Emory Saint Joseph’s Hospital and Winship Cancer Institute (Winship) have launched a comprehensive lung cancer screening program for Emory Healthcare that offers a low-dose CT (computed tomography) scan for patients most at risk for developing the disease. The CT scan is recommended for current or former smokers ages 55-80 who have a 30 pack-year smoking history (packs per day x total years smoked = pack years) or for those who have quit within the past 15 years.
“Our goal is to detect lung cancer early,” says Stephen Szabo, MD, director of
Winship’s community oncology at Emory Saint Joseph’s, “and our program is unique because we have a team of specialists in radiology, oncology, cardiothoracic surgery and pulmonology providing a continuum of care for each patient.” Participants also have access to the latest clinical trials and cutting edge new therapies within one academic medical system.
“Lung cancer remains the leading cause of cancer-related death for both men and for women. This comprehensive lung cancer screening program will increase the chances of detecting any lung cancers at an earlier, more curable stage” says Walter J. Curran, Jr., MD, Winship’s executive director.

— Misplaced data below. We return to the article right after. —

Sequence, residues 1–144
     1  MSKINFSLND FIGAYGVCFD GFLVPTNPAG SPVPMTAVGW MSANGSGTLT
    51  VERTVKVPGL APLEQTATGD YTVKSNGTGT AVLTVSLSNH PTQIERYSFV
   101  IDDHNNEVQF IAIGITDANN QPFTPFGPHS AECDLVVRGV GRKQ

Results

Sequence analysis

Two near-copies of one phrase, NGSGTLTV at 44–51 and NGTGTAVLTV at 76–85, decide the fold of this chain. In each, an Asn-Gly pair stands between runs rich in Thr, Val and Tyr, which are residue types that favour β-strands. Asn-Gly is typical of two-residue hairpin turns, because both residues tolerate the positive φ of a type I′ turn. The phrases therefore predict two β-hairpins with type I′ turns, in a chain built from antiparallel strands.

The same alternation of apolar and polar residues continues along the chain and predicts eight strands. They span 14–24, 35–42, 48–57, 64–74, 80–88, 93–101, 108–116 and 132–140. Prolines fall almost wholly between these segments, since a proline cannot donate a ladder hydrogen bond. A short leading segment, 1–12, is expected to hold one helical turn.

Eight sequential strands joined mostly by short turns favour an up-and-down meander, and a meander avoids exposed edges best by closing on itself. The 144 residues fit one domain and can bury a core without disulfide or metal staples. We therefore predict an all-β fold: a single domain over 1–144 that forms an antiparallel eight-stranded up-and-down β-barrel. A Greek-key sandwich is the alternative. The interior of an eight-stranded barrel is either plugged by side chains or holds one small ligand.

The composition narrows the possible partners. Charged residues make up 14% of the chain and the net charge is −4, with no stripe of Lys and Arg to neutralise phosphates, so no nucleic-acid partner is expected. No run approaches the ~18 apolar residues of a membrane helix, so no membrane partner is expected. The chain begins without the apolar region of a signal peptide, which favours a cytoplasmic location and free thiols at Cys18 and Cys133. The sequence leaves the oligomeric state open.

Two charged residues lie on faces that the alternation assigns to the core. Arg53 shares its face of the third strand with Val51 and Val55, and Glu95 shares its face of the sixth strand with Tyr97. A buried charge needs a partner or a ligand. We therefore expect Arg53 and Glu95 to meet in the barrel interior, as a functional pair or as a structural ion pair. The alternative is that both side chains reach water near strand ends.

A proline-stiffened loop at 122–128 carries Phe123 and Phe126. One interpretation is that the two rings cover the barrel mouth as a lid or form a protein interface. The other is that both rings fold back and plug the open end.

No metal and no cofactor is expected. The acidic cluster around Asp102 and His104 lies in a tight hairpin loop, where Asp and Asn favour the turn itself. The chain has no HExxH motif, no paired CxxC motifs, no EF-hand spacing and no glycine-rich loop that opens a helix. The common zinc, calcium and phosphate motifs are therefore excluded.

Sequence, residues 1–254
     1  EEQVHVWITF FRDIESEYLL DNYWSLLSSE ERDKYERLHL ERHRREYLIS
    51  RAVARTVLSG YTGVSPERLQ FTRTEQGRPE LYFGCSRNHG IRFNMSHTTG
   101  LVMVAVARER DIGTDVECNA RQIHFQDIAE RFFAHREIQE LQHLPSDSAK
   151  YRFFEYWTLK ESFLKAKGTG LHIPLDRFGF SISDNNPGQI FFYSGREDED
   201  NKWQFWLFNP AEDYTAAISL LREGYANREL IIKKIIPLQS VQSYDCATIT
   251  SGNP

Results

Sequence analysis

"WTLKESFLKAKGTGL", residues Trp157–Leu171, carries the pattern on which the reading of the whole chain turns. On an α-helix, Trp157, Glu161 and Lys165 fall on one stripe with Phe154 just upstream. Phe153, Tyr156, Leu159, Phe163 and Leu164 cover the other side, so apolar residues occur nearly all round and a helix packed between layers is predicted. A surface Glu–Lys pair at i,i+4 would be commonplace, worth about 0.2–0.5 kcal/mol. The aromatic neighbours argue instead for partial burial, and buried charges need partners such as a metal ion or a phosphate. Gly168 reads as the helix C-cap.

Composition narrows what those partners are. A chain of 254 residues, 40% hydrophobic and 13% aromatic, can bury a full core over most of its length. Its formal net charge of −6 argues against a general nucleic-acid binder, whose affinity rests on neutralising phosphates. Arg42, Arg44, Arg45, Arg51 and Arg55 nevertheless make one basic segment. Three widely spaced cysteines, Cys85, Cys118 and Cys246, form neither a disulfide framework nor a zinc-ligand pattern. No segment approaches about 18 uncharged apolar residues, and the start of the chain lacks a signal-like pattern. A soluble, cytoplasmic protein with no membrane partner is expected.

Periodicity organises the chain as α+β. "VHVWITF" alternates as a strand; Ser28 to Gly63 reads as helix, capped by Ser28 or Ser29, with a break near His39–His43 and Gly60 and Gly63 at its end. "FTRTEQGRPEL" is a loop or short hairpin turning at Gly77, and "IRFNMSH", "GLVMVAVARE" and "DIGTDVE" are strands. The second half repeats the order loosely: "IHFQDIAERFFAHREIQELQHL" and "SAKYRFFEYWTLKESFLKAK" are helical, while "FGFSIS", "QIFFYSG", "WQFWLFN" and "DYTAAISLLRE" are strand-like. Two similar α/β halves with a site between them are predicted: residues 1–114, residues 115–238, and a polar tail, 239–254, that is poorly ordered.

Patients meeting the criteria for the CT scan are required to have a provider referral. Emory Saint Joseph and Winship will assist those candidates without a referral by scheduling a shared decision making appointment with a provider on site in order to facilitate the screening.
Once the scan is completed and read by a radiologist within 48 hours, the multidisciplinary team will determine the best care plan for each patient based upon the results, whether it is immediate treatment or an annual follow up appointment.
Patients that have nodules identified during the screening are provided an appointment within 48 hours for a lung nodule consultation with a physician who is a part of the multidisciplinary team.
According to the American Lung Association, lung cancer is the nation’s leading cancer killer and research shows that lung cancer screening with low-dose CT scans and appropriate follow-up care significantly reduce lung cancer deaths. The CT scan of the chest is used to screen for pulmonary nodules – collections of abnormal tissue within the lungs that may be early manifestations of lung cancer. These nodules are often detectable by lung screening before physical symptoms of lung cancer develop.